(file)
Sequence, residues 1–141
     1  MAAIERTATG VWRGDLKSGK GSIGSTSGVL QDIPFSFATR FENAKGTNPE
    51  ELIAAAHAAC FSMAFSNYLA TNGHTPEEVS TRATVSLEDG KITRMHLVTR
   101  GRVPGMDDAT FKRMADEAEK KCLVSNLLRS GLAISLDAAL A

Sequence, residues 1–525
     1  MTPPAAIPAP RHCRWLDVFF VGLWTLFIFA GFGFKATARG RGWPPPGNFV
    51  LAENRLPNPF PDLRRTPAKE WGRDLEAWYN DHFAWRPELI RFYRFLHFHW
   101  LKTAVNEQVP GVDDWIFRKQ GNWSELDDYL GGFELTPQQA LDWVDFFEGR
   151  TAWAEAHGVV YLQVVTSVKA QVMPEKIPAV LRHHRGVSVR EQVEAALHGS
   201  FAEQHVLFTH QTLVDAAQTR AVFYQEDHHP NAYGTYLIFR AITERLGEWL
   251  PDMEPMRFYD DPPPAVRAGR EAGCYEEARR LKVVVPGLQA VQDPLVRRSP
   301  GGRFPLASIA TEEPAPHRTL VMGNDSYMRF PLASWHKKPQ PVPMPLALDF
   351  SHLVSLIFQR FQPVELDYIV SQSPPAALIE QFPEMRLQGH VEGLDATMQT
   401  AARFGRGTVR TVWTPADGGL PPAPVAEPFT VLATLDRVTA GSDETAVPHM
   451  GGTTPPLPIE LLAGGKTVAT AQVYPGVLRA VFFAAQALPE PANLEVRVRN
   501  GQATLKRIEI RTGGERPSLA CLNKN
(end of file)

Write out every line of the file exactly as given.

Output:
Sequence, residues 1–141
     1  MAAIERTATG VWRGDLKSGK GSIGSTSGVL QDIPFSFATR FENAKGTNPE
    51  ELIAAAHAAC FSMAFSNYLA TNGHTPEEVS TRATVSLEDG KITRMHLVTR
   101  GRVPGMDDAT FKRMADEAEK KCLVSNLLRS GLAISLDAAL A

Sequence, residues 1–525
     1  MTPPAAIPAP RHCRWLDVFF VGLWTLFIFA GFGFKATARG RGWPPPGNFV
    51  LAENRLPNPF PDLRRTPAKE WGRDLEAWYN DHFAWRPELI RFYRFLHFHW
   101  LKTAVNEQVP GVDDWIFRKQ GNWSELDDYL GGFELTPQQA LDWVDFFEGR
   151  TAWAEAHGVV YLQVVTSVKA QVMPEKIPAV LRHHRGVSVR EQVEAALHGS
   201  FAEQHVLFTH QTLVDAAQTR AVFYQEDHHP NAYGTYLIFR AITERLGEWL
   251  PDMEPMRFYD DPPPAVRAGR EAGCYEEARR LKVVVPGLQA VQDPLVRRSP
   301  GGRFPLASIA TEEPAPHRTL VMGNDSYMRF PLASWHKKPQ PVPMPLALDF
   351  SHLVSLIFQR FQPVELDYIV SQSPPAALIE QFPEMRLQGH VEGLDATMQT
   401  AARFGRGTVR TVWTPADGGL PPAPVAEPFT VLATLDRVTA GSDETAVPHM
   451  GGTTPPLPIE LLAGGKTVAT AQVYPGVLRA VFFAAQALPE PANLEVRVRN
   501  GQATLKRIEI RTGGERPSLA CLNKN